These simple measures protect the health of workers, enable factories to operate safely, help global supply chains get back in action and deliver long-term business resilience by building back better.

Have you ever thought about the journey of your clothes, and the impact they have on people’s lives and the environment?

In May 2019, WaterAid attended the Copenhagen Fashion Summit, the world’s largest sustainable fashion event, to demonstrate why water is critical to encouraging a shift towards sustainable fashion.

Together with HSBC and WWF, WaterAid developed an interactive installation to demonstrate the importance of water provision and stewardship to promoting the sustainability of global apparel supply chains.

In 2018, HSBC and WaterAid launched a three year programme to deliver essential water and sanitation services in apparel factories and nearby communities in Bangladesh and India.

As well as improving living and working conditions, this funding will enable WaterAid to pilot test metrics as part of the wider Business Case for WASH project, which aims to provide evidence of the business benefits and financial value of WASH interventions.

Manoj, an employee working at the Kings Leather International Factory
WaterAid/Sharbendu De

WaterAid and HSBC are working together to bring clean water powered by renewable technology to communities around the world. In December 2018, we attended the UN Climate Change Conference (COP24) to champion sustainability to build a brighter future for all. Watch the film below to find out more.


To celebrate the launch of the new Supply Chains in Apparel Sector Programme at Stockholm World Water Week, WaterAid and HSBC have created this new animation to highlight the impact of access to water, sanitation and hygiene (WASH) services for workers in the supply chains globally and to strengthen the business case for WASH.

The film showcases the impact of climate change on access to clean water and the knock on effects for small businesses in Dacope, Bangladesh. WaterAid and and HSBC have been working together in Bangladesh since 2012 to provide climate-resilient clean water resources.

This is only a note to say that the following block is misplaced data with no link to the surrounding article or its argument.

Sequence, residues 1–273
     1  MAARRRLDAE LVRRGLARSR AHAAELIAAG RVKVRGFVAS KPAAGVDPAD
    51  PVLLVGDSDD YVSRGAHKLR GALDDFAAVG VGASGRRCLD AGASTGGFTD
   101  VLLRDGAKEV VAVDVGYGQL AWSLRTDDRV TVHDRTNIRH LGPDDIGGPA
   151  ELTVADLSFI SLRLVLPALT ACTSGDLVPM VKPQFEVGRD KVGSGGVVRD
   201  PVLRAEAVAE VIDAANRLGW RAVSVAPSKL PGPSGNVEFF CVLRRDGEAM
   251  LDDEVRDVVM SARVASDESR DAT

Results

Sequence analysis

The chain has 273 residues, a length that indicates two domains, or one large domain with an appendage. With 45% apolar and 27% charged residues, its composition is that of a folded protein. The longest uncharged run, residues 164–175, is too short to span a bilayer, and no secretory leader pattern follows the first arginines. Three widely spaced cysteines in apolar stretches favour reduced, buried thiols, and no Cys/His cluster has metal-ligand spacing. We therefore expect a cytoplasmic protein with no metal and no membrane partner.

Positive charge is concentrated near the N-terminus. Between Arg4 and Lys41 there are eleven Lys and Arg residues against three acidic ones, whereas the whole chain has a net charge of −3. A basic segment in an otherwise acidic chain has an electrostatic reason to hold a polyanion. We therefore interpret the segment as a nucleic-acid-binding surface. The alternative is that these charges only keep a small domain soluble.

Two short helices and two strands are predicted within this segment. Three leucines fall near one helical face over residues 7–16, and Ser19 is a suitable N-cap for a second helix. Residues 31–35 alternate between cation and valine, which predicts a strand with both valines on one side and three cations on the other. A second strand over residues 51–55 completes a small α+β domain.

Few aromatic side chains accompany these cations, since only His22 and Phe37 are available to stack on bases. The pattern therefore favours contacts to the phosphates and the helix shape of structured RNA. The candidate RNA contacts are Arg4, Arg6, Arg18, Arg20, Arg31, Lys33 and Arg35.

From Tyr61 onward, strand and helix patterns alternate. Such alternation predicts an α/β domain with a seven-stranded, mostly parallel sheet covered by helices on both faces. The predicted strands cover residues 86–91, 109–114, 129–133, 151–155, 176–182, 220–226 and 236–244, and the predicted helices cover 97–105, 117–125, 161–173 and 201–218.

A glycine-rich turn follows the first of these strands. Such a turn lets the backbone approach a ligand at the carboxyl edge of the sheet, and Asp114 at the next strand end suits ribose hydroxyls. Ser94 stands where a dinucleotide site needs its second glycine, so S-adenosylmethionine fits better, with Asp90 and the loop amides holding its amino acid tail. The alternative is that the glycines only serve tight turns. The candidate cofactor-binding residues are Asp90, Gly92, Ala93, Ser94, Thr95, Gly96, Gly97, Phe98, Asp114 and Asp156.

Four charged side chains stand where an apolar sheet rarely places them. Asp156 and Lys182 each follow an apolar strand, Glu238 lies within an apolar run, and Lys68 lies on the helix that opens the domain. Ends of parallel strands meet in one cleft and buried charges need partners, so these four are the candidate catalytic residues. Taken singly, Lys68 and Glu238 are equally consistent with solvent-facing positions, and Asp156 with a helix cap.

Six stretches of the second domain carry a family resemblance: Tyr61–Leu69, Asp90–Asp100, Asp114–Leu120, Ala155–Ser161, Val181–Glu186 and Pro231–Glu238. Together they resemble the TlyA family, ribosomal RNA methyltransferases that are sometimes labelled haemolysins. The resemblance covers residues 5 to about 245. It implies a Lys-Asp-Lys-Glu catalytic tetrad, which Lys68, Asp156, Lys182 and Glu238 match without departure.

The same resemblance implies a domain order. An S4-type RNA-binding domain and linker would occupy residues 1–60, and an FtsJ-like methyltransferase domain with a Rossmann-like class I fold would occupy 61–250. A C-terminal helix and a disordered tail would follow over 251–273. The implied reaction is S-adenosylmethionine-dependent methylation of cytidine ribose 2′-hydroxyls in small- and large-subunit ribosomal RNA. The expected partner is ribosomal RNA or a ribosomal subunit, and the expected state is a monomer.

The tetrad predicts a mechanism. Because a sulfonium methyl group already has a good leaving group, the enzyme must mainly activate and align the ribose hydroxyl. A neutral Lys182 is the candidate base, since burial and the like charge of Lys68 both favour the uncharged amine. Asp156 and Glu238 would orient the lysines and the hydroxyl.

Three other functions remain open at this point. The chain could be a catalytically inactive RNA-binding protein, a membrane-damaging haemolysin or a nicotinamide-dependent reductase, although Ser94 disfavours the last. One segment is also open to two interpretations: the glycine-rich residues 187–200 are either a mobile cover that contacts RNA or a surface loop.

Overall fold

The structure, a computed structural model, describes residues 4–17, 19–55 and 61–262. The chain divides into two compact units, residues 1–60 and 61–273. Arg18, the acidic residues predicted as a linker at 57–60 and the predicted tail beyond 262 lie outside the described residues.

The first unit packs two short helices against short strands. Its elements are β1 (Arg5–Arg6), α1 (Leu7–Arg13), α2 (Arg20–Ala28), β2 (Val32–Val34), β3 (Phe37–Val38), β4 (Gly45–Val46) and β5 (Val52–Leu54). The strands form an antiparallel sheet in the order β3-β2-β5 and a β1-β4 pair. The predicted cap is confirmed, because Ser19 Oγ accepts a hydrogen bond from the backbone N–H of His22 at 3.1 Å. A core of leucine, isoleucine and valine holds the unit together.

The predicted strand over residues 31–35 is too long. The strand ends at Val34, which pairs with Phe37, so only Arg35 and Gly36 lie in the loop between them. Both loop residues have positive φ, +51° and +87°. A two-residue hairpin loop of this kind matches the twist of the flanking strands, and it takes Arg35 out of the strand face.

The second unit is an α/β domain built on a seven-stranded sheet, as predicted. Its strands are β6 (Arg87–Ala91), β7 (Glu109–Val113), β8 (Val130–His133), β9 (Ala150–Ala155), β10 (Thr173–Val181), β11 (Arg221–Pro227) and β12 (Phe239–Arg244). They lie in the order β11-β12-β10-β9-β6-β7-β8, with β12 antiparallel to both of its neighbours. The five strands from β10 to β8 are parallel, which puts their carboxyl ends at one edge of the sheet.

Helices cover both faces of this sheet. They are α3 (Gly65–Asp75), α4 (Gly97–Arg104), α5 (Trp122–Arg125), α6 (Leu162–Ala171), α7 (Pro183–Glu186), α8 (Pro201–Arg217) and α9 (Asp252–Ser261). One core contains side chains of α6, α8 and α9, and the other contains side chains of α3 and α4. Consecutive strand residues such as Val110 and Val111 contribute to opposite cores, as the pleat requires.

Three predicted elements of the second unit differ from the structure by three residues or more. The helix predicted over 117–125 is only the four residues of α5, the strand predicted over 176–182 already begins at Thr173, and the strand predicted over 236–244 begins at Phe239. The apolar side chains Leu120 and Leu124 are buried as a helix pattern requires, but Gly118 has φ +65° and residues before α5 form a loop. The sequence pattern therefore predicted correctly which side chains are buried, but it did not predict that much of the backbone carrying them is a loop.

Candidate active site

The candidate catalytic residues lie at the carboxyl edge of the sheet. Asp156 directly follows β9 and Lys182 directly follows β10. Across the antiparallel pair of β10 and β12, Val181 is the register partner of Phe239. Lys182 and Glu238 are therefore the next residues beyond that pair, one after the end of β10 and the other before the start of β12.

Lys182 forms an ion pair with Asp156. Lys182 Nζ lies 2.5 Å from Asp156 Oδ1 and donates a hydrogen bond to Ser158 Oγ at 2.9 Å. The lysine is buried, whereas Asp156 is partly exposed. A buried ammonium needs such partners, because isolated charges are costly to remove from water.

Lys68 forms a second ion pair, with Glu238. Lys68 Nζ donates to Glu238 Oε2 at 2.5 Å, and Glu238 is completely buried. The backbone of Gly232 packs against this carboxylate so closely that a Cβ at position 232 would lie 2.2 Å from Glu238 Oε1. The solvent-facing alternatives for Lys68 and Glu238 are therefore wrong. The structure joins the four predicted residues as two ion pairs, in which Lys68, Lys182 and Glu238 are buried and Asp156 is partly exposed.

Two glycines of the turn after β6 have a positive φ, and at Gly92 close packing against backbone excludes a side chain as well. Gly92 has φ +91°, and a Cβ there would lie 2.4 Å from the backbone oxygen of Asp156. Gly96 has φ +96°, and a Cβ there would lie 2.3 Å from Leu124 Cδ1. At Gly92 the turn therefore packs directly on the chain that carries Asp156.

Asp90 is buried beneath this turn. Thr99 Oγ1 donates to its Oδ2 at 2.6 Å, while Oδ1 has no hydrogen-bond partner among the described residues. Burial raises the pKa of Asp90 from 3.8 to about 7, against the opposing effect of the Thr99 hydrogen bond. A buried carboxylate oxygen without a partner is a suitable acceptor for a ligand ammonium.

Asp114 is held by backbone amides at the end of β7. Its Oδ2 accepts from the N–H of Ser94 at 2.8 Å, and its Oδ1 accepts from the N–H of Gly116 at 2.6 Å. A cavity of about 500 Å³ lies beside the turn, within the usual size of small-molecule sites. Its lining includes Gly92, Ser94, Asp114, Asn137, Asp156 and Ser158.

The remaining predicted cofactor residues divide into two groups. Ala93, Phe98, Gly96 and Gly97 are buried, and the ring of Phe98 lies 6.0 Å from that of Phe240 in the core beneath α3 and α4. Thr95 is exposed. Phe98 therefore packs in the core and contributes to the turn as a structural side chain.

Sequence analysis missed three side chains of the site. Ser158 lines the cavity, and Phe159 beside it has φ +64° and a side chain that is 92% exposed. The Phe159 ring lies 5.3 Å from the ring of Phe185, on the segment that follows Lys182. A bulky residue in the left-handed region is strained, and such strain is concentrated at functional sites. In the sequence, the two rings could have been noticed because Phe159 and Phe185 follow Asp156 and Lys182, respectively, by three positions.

What our partners say

Together, throughout eight years of the HSBC Water Programme, HSBC and WaterAid worked in collaboration to deliver sustainable WASH initiatives that have transformed the lives of millions.

Through reaching so many with clean water, sanitation and hygiene promotion, the opportunity for long-term community prosperity across the programme’s focus countries - India, Bangladesh, Nepal, Pakistan, Ghana and Nigeria – has been unlocked.

WASH is a critical element in supporting individuals to reach their potential, stimulating local business and in turn helping regional economies to thrive.

Sustainability is a core priority at HSBC. It has never been more important for businesses to understand the integrated economic, environmental and social responsibility of their operations, particularly in marginalised communities. We champion this tenet through our ongoing work with WaterAid in creating sustainable supply chains.

Our partnership in WaterAid’s Business Case for WASH, a pilot project testing the commercial benefits to businesses who embed improved WASH practices into supply chains, is an innovative exploration into this nexus of sustainability and finance.”
Sue Alexander – Senior Manager, Environmental Programmes, HSBC

The Water Programme website

The Water Programme website is dedicated to the HSBC Water Programme, detailing the programmes vast array of achievements over the past 8 years.  

Aftershock: a HSBC supported documentary

On 25 April 2015, Nepal experienced the country’s worst earthquake in 80 years. Thousands of people had to come to terms with the loss of family members and friends, as well as the destruction of their homes and essential infrastructure – including taps and toilets.

The HSBC Water Programme funded our first-ever virtual reality documentary, in which we tell the story of just one of the communities affected: Kharelthok.

Krishna Bahadur Sunuwar, 58, working at filteration tank, Kharelthok, Kavre, Nepal, Mar 2017

The HSBC Water Programme legacy

Find out more about the HSBC Water Programme legacy by watching the film below: